We can look in environment variables for credentials rather than force users to hard code them and pass them in manually

var foo = { applicationid = “alien_applicat_id”, app_key=“app_key” );

Aylien Text Analysis API
Natural language processing

Step 1 - read the docs
We see they want 2 headers passed for authentication

Handling API Keys for Auth -
Assumes in the init() you’ll want an apiKey, usually, but read the API docs to confirm

There is an official RFC spec for User Agents
RFC 7231 5.5.3 User-Agent
best practice in there says to always include a “user-agent” in our API wrapper’s calls.

Response Headers

  • Can include important info about your rate limits, etc.
  • X-RateLimit-Limit  daily limit of your current plan
  • X-RateLimit-Remaining - the amount remaining on your daily quota
  • X-RateLimit-WhenReset - when the quotas are reset
  • etc

Should we validate data in our wrapper?
You’re writing a wrapper for the API itself. Let the API do the validation
Don’t reinvent the wheel
Take data, pass to the API, and pass back the response
No reason for us to validate if the API already does it
In vast majority of cases, just take info from developer, and whatever the API sends back, show that to the developer

Your Users = Developers
Make their lives easier by identifying pain points.

Add “convenience methods” to make users lives easier


Could both delegate to entities() where the actual work is done
but then developers don’t have to deal with syntax quirks in entities() since it does several things.

Lob API for Printables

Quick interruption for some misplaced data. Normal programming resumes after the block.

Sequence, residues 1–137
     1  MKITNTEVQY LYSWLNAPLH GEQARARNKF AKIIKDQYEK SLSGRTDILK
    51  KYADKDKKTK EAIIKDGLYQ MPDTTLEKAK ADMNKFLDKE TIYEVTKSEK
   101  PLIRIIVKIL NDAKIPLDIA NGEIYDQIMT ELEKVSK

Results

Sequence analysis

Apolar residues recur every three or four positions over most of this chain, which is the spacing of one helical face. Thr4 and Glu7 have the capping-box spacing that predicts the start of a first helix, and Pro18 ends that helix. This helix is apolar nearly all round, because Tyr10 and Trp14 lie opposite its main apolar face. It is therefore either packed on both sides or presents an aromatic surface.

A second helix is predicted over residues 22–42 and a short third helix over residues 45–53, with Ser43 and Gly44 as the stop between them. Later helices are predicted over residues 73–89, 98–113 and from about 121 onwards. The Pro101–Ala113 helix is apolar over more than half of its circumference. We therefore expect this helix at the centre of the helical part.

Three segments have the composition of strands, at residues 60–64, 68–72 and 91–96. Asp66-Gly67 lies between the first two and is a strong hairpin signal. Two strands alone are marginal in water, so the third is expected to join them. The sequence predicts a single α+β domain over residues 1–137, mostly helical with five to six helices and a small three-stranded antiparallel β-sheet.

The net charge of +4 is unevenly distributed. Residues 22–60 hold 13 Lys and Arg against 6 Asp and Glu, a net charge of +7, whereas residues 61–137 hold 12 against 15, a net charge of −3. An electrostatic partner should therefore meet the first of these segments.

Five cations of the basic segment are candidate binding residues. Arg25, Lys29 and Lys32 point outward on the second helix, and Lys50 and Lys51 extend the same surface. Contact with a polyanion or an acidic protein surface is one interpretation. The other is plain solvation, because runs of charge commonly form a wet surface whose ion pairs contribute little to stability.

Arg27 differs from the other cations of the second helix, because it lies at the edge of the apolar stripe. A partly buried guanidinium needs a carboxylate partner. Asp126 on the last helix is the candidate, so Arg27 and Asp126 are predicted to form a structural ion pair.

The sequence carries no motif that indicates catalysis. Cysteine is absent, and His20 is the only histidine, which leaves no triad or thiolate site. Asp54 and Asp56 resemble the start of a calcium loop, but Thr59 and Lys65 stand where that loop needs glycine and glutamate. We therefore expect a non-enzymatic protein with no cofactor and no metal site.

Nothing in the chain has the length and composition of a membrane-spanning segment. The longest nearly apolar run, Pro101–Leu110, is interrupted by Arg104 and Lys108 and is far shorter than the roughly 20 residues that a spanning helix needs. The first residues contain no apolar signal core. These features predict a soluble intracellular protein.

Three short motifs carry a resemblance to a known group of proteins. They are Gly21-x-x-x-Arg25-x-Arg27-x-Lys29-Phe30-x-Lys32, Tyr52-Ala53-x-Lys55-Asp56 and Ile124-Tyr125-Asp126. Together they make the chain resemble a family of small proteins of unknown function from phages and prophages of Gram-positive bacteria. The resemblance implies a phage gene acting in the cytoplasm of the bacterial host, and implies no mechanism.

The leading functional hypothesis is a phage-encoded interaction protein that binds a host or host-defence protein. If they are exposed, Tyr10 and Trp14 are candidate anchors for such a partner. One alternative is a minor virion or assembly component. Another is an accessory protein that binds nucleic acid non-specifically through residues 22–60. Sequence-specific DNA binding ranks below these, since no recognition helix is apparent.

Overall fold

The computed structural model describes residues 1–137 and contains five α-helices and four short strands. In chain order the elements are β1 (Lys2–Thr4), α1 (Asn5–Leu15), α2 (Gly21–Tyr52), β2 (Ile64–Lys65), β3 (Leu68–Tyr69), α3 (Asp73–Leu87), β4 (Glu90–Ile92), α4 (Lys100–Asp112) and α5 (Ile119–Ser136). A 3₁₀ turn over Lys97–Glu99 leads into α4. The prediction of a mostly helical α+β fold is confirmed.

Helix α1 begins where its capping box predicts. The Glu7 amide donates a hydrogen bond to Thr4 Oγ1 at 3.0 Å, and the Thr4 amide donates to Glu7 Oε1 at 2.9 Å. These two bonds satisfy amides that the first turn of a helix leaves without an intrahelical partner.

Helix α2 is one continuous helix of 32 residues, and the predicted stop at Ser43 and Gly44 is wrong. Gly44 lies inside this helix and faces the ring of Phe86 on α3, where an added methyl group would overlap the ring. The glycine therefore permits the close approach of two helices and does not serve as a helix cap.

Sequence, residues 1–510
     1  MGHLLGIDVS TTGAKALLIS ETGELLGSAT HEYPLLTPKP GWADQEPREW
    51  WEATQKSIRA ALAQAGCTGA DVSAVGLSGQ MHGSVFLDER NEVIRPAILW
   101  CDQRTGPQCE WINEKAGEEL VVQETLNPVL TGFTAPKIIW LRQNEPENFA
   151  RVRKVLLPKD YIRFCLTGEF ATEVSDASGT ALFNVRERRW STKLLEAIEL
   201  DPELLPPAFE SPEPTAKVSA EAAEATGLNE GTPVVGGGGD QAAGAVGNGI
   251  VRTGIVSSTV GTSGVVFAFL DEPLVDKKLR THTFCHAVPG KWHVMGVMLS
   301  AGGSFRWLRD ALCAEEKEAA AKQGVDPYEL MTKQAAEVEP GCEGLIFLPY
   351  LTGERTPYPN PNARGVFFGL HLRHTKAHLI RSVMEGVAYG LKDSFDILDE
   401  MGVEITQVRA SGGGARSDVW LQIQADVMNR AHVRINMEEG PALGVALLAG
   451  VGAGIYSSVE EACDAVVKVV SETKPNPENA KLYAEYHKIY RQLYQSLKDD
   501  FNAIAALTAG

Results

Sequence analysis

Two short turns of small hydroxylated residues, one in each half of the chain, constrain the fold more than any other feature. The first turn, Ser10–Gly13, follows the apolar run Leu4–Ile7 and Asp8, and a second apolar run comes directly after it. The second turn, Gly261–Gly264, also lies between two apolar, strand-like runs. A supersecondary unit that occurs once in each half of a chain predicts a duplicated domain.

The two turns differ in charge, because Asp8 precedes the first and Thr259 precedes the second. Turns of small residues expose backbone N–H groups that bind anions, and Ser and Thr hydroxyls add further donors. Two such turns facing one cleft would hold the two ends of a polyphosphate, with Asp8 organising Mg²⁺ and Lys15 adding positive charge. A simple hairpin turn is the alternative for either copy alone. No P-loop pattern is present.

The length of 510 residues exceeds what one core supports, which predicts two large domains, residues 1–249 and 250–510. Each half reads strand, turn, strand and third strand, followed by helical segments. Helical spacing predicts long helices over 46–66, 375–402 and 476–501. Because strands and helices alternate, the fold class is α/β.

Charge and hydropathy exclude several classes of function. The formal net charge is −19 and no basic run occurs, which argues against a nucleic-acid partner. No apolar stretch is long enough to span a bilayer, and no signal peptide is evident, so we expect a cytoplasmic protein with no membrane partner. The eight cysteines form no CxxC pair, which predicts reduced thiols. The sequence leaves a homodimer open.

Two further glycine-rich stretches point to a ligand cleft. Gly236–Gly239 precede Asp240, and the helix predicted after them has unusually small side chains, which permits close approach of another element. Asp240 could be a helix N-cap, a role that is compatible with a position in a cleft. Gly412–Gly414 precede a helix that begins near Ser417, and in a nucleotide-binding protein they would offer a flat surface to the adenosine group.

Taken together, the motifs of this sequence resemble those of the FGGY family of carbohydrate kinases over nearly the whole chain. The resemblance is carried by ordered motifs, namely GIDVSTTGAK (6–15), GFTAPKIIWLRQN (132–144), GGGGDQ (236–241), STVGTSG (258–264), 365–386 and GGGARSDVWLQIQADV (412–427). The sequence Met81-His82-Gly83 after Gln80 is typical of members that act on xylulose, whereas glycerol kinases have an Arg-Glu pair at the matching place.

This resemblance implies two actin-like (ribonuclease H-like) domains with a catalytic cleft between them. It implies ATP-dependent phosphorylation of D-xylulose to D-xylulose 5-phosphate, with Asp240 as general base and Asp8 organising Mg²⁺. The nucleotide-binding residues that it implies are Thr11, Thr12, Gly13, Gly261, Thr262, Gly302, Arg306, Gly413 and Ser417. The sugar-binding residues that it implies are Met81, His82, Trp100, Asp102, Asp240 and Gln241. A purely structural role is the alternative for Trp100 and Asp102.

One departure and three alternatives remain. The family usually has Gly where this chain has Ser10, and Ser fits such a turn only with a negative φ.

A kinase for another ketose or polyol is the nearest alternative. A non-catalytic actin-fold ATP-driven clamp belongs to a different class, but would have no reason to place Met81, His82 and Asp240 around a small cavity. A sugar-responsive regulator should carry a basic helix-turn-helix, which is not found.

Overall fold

Lob API Docs

Defusing arguments

  • Pass all parameters as a struct
  • Fast and easy to implement
  • Preferable to listing args
  • Puts burden on the developer
  • Data not reusable
createAddress( required struct data )
return apiCall( ‘POST’, ‘/address’, {}, );

Most just say “you’re the developer put the data together in the right way and send it to our API”

Better - create a builder/helper component that builds the JSON that’s going to be sent to the API
More initial work
Better dev experience

12 properties for the 12 things the API is expecting
within the CFC, every method returns the full component: via “return this”
Enables us to chain methods together.

Also enables us to write more fluent functions:

lob = new lobcfc.lob( testmode = true );
address = new lobcfc.helpers.address().city( “vegas” ).state( “NV” ).zip( “23455” );
result = lob.createAddress( address );

Final notes

  • If writing API wrappers, document them
  • If not for others, at least for yourself
  • Your future self will thank you.

Don’t you prefer well documented repos? Docs shouldn’t be an afterthought. Easier to do them if you add them while you’re writing the code. Write a new method, write the docs for it right then and there.

Share your API wrappers!
Put them on github, forgebox, wherever others can take advantage of the hard work you’ve done.

Matt’s blog post “Publishing My First Package to ForgeBox

GitHub: mjclemente
Twitter: mjclemente84
Slide deck